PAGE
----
Talent a strength, but taxes & regulation are stifling growth
“Our challenge now is to identify the key actions that will strengthen our country’s prospects, contributing the tax base that supports Canadians’ social programs and quality of life” Goldy Hyder
Together with the Business Council of Canada, Deloitte Canada today released its first-ever Competitiveness Scorecard measuring eight critical dimensions of Canada’s economic performance on the global stage.
Competitiveness is a multifaceted concept, encompassing a wide range of factors that determine whether a country is an attractive place to invest, create jobs and do business. Although discussions about competitiveness often focus on taxation and red tape, the reality is more complex. In the Competitiveness Scorecard, Deloitte Canada conducted analysis of more than 500 data series across a dozen key global competitor nations and summarized Canada’s performance in eight key areas: talent, economic stability, capital and investments, customers, infrastructure, innovation, tax and regulation.
The scorecard will play a significant role in the work of the Business Council’s Task Force on Canada’s Economic Future. Launched last month, the Task Force is engaging business leaders and a broad array of other stakeholders in advancing urgently needed policies to enhance growth and ensure a better future for all Canadians.
“Canada is one of the top countries in the world to start, grow, and invest in a business,” says Frank Vettese, Managing Partner and Chief Executive, Deloitte Canada. “But to continue leading, our country must remain focused on supporting an economic environment that builds on our strengths and takes aim at factors that are holding us back. This scorecard provides us with an important baseline—across the many dimensions of competitiveness—so that we can measure our nation’s progress toward boosting prosperity for all Canadians.”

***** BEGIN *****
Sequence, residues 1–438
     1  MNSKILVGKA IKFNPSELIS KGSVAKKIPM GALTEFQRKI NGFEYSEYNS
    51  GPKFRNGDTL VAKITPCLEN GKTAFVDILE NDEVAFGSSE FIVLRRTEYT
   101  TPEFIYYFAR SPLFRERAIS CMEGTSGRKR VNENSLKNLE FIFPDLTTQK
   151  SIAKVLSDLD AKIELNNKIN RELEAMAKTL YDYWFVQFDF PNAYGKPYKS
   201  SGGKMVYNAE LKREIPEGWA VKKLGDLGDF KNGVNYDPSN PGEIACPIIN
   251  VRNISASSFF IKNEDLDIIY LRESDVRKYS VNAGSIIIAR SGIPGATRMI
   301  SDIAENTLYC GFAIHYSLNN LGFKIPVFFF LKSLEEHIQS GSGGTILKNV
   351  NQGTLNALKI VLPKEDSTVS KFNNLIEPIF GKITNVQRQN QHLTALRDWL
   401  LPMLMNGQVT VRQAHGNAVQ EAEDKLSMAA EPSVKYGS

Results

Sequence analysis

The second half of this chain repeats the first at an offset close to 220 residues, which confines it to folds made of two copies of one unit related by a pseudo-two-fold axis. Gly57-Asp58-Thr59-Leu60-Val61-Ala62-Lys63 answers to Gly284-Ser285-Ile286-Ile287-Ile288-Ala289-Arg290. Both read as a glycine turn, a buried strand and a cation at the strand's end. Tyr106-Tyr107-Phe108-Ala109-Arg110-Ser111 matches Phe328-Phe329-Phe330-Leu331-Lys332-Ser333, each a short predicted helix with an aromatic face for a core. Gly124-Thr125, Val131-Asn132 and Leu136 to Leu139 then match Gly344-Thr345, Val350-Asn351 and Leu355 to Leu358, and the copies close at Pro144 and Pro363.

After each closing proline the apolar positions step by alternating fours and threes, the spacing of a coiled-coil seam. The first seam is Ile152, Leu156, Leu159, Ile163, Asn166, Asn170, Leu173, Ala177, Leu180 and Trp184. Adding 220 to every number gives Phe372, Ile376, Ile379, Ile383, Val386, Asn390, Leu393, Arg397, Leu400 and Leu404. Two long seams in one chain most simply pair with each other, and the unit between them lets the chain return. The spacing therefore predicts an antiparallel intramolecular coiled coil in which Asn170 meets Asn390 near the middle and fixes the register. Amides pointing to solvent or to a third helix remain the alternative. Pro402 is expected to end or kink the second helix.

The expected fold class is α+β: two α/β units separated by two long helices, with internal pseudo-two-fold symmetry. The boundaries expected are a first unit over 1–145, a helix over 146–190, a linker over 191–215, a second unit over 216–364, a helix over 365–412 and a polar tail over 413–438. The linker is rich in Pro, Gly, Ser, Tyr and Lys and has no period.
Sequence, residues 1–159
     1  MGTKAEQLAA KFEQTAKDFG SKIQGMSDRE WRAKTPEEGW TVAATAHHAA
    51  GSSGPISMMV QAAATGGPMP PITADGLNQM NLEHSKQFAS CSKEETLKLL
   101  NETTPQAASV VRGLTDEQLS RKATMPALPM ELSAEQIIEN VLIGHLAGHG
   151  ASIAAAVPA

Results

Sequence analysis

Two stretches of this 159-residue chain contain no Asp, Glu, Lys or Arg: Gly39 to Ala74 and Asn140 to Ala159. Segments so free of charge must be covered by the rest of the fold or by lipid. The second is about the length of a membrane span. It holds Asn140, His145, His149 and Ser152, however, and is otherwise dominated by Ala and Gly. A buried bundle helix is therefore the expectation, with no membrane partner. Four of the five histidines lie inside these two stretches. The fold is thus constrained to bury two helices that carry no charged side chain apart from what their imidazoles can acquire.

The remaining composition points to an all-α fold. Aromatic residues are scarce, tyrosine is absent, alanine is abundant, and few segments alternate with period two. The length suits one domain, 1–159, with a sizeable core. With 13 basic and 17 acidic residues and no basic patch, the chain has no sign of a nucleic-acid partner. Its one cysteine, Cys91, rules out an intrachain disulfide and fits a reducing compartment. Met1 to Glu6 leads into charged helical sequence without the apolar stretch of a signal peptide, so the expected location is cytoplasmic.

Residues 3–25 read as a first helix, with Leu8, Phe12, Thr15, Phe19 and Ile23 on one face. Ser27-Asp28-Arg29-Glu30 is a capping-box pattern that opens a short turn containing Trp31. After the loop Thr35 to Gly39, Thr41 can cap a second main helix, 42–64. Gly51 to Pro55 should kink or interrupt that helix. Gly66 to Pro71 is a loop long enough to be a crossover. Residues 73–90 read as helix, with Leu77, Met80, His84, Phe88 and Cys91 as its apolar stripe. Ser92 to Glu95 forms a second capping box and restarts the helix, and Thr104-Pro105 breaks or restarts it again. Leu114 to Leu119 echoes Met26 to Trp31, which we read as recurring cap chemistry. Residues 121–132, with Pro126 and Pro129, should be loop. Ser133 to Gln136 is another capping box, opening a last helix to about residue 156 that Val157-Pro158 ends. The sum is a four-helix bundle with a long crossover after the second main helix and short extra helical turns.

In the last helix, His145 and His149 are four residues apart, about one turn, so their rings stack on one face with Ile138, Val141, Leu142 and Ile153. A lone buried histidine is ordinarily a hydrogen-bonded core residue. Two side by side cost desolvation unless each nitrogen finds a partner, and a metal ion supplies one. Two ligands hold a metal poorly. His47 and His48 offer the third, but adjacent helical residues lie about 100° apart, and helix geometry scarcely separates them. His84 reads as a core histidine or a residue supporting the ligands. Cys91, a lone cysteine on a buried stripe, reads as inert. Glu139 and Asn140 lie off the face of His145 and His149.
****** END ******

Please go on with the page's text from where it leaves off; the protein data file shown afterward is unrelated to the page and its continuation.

“The global economy is changing rapidly and our country faces intense competition for investment, jobs and talent,” said Goldy Hyder, President and Chief Executive Officer of the Business Council. “The Competitiveness Scorecard allows Canadians to see at a glance the areas where we lead and where we lag. Our challenge now is to identify the key actions that will strengthen our country’s prospects, contributing to the tax base that supports Canadians’ social programs and quality of life.”
To download Canada’s Competitiveness Scorecard, visit
Key takeaways and facts across eight categories:
Talent – Canada’s labour force is globally competitive
- In 2015, Canada’s performance in math, science and literacy amongst secondary school students outperformed the Organization for Economic Co-operation and Development average and was in the top 10 globally in the Programme for International Student Assessment.
- Canada ranked first amongst peers in 2017 based on the percentage of immigrants employed. Nearly three-quarters of new Canadians have jobs, compared to the peer average of 64 per cent.
Economic stability – Canada’s macroeconomic stability underpins economic growth
- Since the Bank of Canada adopted its inflation target band of one to three per cent, with a mid-point target of two per cent, it has on average managed to hit that target almost exactly. Inflation in Canada has been very stable over the medium-to-long term.
- While Canada has a high gross government debt-to-GDP ratio, compared to peers, it also has significant financial assets, meaning its net debt-to-GDP ratio was the fourth lowest amongst peers in 2017.
Capital and investments – Weak investment continues to drag on productivity
- At 10.8 per cent of GDP, Canada’s private gross fixed capital investment (a measure of the overall investment in physical assets within an economy such as plants, machinery and equipment, as well as intellectual property) was the second lowest among peer nations in 2017.
- Venture capital investment as a share of GDP in Canada was greater than all peers except the United States and Israel, and amounted to approximately 0.16 per cent in 2016. However, there may still be venture capital shortfalls in some sectors.